Marjoleine Kars is an associate professor at the University of Maryland, Baltimore County. A noted historian of slavery, she is the author of Blood on the River: A Chronicle of Mutiny and Freedom on the Wild Coast (The New Press) and Breaking Loose Together. She lives in Washington, DC.
On Sunday, February 27, 1763, thousands of slaves in the Dutch colony of Berbice—in present-day Guyana—launched a massive rebellion that came amazingly close to succeeding. Surrounded by jungle and savannah, the revolutionaries (many of them African-born) and Europeans struck and parried for an entire year. In the end, the Dutch prevailed because of one unique advantage—their ability to get soldiers and supplies from neighboring colonies and from Europe. Blood on the River is the explosive story of this little-known revolution, one that almost changed the face of the Americas.
Drawing on nine hundred interrogation transcripts collected by the Dutch when the Berbice rebellion finally collapsed, and which were subsequently buried in Dutch archives, historian Marjoleine Kars reconstructs an extraordinarily rich day-by-day account of this pivotal event. Blood on the River provides a rare in-depth look at the political vision of enslaved people at the dawn of the Age of Revolution and introduces us to a set of real characters, vividly drawn against the exotic tableau of a riverine world of plantations, rainforest, and Carib allies who controlled a vast South American hinterland.
An astonishing original work of history, Blood on the River will change our understanding of revolutions, slavery, and of the story of freedom in the New World.
Rebecca Clifford is Professor of Transnational and European History at the University of Durham and author of Commemorating the Holocaust: The Dilemmas of Remembrance in France and Italy.
How can we make sense of our lives when we do not know where we come from? This was a pressing question for the youngest survivors of the Holocaust, whose prewar memories were vague or nonexistent. In this beautifully written account, Rebecca Clifford follows the lives of one hundred Jewish children out of the ruins of conflict through their adulthood and into old age.
Drawing on archives and interviews, Clifford charts the experiences of these child survivors and those who cared for them—as well as those who studied them, such as Anna Freud. Survivors explores the aftermath of the Holocaust in the long term, and reveals how these children—often branded “the lucky ones”—had to struggle to be able to call themselves “survivors” at all. Challenging our assumptions about trauma, Clifford’s powerful and surprising narrative helps us understand what it was like living after, and living with, childhoods marked by rupture and loss.
Marie Favereau is Associate Professor of History at Paris Nanterre University. She has been a member of the French Institute of Oriental Archaeology, a visiting scholar at the Institute for Advanced Study, and a research associate at Oxford University for the major project Nomadic Empires. Her books include La Horde d’Or et le sultanat mamelouk and the graphic novel Gengis Khan.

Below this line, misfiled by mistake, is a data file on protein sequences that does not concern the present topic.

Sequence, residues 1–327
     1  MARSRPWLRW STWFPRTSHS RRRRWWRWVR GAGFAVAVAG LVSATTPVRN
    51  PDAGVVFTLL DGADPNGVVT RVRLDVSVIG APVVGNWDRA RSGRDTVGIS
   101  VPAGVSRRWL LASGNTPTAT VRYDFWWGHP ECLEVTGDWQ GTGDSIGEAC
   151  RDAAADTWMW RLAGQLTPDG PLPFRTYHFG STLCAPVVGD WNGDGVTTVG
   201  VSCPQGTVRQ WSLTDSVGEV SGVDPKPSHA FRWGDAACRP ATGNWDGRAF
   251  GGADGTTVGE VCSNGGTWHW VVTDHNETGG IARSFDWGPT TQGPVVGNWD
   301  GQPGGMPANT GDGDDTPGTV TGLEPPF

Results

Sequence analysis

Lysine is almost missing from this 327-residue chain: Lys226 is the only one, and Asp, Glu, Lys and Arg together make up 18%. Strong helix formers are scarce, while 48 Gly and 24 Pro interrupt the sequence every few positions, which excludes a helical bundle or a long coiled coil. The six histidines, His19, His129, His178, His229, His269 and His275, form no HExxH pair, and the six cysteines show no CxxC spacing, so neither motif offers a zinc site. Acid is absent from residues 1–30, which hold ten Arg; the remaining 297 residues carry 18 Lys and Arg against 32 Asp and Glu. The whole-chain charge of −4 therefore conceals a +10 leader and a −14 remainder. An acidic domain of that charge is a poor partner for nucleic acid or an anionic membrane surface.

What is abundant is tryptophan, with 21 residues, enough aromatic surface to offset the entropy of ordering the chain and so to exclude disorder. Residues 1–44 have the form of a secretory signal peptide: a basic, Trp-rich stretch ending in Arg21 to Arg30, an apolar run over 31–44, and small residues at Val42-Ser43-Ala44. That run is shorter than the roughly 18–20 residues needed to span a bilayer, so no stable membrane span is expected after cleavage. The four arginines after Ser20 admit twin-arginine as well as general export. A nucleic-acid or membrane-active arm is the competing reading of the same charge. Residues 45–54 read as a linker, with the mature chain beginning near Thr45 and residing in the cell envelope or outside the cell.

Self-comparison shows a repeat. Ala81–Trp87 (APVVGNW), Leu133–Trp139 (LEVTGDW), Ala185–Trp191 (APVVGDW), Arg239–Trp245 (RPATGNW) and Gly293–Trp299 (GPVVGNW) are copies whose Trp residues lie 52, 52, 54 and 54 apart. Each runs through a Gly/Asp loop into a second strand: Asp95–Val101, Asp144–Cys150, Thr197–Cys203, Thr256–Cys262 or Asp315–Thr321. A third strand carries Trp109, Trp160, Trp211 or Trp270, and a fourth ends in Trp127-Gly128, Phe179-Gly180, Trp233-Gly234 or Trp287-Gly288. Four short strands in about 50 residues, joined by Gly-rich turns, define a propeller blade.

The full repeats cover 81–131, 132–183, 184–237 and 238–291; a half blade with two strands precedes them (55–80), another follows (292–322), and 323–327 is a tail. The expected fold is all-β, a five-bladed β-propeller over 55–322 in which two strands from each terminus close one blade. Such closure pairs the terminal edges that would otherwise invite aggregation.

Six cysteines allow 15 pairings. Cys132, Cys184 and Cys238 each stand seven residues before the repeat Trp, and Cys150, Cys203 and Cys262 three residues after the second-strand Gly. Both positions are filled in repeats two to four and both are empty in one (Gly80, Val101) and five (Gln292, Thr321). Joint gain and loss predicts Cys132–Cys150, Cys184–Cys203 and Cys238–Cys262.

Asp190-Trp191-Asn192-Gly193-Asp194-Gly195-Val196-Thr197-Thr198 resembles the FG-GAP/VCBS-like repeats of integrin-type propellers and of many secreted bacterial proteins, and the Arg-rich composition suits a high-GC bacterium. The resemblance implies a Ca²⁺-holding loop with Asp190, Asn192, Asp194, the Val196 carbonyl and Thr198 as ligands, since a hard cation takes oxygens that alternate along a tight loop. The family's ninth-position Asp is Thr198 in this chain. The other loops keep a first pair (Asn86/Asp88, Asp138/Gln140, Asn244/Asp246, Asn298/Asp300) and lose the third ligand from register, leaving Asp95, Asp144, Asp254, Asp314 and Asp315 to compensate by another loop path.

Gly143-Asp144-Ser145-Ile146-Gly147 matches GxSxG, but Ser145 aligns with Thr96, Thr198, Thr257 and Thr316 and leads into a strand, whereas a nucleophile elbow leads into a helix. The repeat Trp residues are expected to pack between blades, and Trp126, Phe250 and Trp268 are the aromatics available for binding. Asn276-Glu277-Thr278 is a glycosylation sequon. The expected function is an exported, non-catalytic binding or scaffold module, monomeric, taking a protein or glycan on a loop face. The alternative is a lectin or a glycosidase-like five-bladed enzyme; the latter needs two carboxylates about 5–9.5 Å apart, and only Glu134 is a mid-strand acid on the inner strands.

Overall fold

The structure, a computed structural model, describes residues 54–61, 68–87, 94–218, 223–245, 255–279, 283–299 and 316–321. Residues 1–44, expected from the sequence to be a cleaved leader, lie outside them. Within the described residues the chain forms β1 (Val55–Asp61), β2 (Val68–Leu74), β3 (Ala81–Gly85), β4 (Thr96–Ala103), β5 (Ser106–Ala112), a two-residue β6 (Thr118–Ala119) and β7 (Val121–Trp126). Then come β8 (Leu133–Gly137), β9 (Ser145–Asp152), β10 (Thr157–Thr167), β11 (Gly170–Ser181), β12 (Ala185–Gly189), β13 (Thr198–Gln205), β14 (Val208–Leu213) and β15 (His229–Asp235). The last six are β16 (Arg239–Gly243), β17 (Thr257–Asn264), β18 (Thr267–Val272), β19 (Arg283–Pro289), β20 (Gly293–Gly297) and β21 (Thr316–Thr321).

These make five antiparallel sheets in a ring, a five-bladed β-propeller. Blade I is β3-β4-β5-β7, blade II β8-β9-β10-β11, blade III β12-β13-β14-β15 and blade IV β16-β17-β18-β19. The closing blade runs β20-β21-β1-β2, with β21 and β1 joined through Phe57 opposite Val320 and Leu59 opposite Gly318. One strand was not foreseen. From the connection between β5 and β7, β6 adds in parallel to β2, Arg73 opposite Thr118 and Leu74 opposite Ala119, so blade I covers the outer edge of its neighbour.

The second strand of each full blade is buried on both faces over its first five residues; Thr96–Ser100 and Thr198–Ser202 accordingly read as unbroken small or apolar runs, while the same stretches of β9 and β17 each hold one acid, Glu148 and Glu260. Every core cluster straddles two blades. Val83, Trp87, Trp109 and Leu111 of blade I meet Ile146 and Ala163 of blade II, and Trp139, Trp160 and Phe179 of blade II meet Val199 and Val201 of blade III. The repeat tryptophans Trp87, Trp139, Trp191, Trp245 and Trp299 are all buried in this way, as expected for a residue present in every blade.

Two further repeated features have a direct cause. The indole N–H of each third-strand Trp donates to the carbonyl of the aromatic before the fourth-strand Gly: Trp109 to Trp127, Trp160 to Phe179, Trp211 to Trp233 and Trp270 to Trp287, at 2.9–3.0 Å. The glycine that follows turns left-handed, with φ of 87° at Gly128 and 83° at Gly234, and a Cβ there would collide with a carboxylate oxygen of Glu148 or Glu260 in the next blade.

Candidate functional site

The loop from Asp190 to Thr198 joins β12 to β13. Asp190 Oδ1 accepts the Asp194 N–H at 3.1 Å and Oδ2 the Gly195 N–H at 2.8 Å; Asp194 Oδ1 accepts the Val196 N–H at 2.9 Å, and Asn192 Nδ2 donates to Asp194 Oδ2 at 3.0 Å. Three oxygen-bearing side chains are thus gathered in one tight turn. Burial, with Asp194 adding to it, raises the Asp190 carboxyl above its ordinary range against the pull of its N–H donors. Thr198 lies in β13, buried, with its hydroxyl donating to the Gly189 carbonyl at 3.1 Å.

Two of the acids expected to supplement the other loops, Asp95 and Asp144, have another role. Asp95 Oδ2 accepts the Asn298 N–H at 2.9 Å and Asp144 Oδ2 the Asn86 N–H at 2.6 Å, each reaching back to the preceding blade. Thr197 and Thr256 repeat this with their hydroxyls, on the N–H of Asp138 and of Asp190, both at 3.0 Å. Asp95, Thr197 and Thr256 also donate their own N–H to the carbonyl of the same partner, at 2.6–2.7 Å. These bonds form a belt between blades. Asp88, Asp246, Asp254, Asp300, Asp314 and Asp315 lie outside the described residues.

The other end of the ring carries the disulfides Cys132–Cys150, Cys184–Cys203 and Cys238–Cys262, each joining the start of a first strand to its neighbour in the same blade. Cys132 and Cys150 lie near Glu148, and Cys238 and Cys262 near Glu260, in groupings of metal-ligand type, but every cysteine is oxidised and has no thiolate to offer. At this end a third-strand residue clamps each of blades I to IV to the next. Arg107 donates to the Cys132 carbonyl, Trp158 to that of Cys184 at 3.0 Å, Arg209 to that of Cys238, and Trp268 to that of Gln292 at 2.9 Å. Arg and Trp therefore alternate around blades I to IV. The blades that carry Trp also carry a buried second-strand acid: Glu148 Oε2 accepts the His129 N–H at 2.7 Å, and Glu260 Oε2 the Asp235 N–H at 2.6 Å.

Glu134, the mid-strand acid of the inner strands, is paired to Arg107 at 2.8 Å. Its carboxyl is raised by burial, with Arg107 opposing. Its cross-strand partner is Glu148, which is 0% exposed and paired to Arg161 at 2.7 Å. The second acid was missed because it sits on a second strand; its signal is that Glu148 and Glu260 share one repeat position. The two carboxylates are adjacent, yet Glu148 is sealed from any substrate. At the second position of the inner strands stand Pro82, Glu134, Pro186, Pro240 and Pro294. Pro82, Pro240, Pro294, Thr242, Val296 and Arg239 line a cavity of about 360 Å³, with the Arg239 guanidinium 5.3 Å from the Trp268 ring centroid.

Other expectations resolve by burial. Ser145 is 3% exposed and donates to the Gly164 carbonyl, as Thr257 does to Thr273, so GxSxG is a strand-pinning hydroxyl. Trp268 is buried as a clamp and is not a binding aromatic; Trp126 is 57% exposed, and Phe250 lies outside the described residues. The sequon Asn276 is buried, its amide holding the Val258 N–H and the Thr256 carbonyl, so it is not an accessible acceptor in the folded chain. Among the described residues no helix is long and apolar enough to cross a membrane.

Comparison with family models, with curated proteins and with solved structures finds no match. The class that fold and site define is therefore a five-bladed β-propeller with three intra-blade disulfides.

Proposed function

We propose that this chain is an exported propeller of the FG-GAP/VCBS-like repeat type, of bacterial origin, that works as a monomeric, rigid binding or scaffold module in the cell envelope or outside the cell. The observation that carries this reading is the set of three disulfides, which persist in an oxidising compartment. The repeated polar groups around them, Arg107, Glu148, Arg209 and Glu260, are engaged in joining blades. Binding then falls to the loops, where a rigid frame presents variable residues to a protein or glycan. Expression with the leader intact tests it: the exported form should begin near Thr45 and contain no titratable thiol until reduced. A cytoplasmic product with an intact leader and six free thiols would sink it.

The Mongols are widely known for one thing: conquest. In the first comprehensive history of the Horde, the western portion of the Mongol empire that arose after the death of Chinggis Khan, Marie Favereau shows that the accomplishments of the Mongols extended far beyond war. For three hundred years, the Horde was no less a force in global development than Rome had been. It left behind a profound legacy in Europe, Russia, Central Asia, and the Middle East, palpable to this day.
Favereau takes us inside one of the most powerful sources of cross-border integration in world history. The Horde was the central node in the Eurasian commercial boom of the thirteenth and fourteenth centuries and was a conduit for exchanges across thousands of miles. Its unique political regime―a complex power-sharing arrangement among the khan and the nobility―rewarded skillful administrators and diplomats and fostered an economic order that was mobile, organized, and innovative. From its capital at Sarai on the lower Volga River, the Horde provided a governance model for Russia, influenced social practice and state structure across Islamic cultures, disseminated sophisticated theories about the natural world, and introduced novel ideas of religious tolerance.
The Horde is the eloquent, ambitious, and definitive portrait of an empire little understood and too readily dismissed. Challenging conceptions of nomads as peripheral to history, Favereau makes clear that we live in a world inherited from the Mongol moment.